Even though its vessel is usually cylindrical, the beverage has a point – and millions of people seem to be missing it.
Even though a coffee mug is round, coffee beans are bean-shaped, and fluids are generally not pointy, coffee has a point.1 But what is it? Unfortunately for many people, coffee is a crutch, without which they cannot depart an irritable zombie-like state in the morning or function throughout the day; for an overlapping population of people, coffee is the answer to a caffeine addiction; and for yet others it is simply a habit. If you’re drinking coffee for one of these reasons then you’re missing the point, and you’re probably doing it wrong.
A former girlfriend of mine (who grew up in France) would often express her disgust at the way North Americans drank coffee: gulping it down from enormous disposable cups as they hurried down the street. To her, this was a gross perversion of should be a wonderful part of daily life.
At the time I didn’t really drink coffee; I agreed with her, but couldn’t deeply appreciate her aversion to this aspect of North American culture. But I get it now, and I agree (even more profoundly): the way most people in Canada and the United States drink coffee is an abomination, and it is a shame.
The first time I can remember drinking coffee I was in my late 20s — I’d arrived in a little town in Peru under heavy rain, late at night. I was cold and wet and hungry, and I ducked into the nearest restaurant to get some dinner. My $3 meal not only included soup and a plate of food, but it also came with a drink – a hot, sugary coffee. Normally I’d have asked for a different drink, but I remember stopping myself and realizing that a nice hot drink might be exceedingly appropriate under the circumstance. And it was.
It would be almost 10 years later that I would start drinking coffee somewhat regularly – it probably started in Tunisia, where it was the most affordable thing on the menu that would allow me to sit in a café for extended periods of time to use its wifi. The high quality of the coffee in Tunisia allowed it to grow on me (not unlike the development of my appreciation of beer while I was in Serbia), and eventually I continued to drink it with some regularity when I was back in Canada.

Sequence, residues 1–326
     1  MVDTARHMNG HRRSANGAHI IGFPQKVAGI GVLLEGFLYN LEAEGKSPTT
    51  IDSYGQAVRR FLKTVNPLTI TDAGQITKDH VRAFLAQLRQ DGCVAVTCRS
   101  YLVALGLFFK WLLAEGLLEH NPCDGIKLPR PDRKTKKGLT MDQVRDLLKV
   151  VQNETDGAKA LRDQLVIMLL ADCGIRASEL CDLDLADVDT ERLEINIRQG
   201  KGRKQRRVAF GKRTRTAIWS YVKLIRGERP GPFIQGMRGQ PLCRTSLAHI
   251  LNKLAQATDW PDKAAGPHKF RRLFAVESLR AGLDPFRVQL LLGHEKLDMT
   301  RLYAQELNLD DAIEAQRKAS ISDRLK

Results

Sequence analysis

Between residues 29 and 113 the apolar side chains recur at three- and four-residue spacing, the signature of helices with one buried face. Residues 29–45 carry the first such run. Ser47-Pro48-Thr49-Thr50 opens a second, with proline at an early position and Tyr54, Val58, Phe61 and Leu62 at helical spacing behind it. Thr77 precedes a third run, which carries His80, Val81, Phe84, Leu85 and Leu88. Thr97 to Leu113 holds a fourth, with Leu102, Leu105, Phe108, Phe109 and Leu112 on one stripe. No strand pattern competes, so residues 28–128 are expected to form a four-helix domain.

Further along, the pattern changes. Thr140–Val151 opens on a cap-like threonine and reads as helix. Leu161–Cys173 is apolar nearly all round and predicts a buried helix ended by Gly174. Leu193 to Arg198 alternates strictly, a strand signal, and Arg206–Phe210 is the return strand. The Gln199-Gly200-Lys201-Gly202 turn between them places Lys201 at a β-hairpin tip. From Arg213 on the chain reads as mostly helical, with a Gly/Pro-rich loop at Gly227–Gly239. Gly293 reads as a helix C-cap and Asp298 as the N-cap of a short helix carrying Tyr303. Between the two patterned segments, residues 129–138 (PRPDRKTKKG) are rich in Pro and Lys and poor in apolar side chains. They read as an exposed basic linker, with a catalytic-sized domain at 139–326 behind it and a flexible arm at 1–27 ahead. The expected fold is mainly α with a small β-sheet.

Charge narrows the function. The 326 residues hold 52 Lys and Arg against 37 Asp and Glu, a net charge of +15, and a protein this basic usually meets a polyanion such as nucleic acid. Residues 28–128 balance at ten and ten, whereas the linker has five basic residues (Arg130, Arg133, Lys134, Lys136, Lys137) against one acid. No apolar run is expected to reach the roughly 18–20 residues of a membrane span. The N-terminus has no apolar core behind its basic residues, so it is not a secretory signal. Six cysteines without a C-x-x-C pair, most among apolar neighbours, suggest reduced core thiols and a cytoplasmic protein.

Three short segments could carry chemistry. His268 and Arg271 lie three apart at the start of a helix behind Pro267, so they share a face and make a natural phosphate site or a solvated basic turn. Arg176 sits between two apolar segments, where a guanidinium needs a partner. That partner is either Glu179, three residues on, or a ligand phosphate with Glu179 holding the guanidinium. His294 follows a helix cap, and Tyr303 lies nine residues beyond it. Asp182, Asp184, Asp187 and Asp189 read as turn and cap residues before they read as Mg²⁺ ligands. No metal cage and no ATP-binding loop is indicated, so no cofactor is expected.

Eventually I realized that what I really liked, even more than the coffee itself, was the atmosphere of sitting in a café. I’m not saying that the point of coffee is free wifi, and I’m not even saying that the point of coffee is cafés.2 These are beautiful things that coffee seems to surround itself with, but the point of coffee itself, all by itself, is to be hot and slow. More than any chemical component of the beverage, the desired effect of coffee comes from sitting and drinking it slowly, and appreciating it in sips. Whatever it is you’re doing while you’re sitting in a quiet place, it is generally more enjoyable with a cup of coffee.
So when you see some lady stomping down the street in high heels with a giant paper (or plastic!) cup in her face, you have to ask, “What’s the point of that?” There is nothing pleasant about the experience of guzzling coffee while rushing somewhere. The coffee at that point is obstructing a more efficient walking experience, and is being consumed in such a perverse fashion either to sate a perceived need, satisfy an addiction, or comply with an existing habit. A poor use of coffee indeed.
If you’re drinking coffee out of a non-permanent vessel, then you’re probably doing it wrong. “Don’t tell me how to drink coffee!” you might say. Well, I’m telling you how not to drink it. “Who are you to decree the proper way to drink coffee?” I propose that if you are performing an act that is intended to be enjoyable but are failing to enjoy it, then you are doing it wrong. If you are slamming your coffee ‘on the go,’ are you actually appreciating it? Don’t you think that if you waited until you were sitting down, you might enjoy the beverage in its entirety? Well?
And if you find yourself never having time to sit down and sip a beverage, then it’s probably not just coffee that you’re doing wrong. If you can’t take the necessary pause that the proper drinking of coffee requires, then the quality of your day may well be falling far short of an achievable potential. If you never sit down and sigh peacefully, then there’s probably more than just coffee that you’re doing wrong.
By drinking coffee properly, you might find yourself doing a lot of other things in a better way as well. It’s ironic that many people drink coffee in pursuit of caffeine and it’s stimulant effects, while the more profound benefit comes from its ability to slow things down and provide a space for pause. It’s forget to pause at our peril, but coffee is one more thing that can remind us to do so. Stop and smell the roses; you may find that sometimes those roses smell like coffee.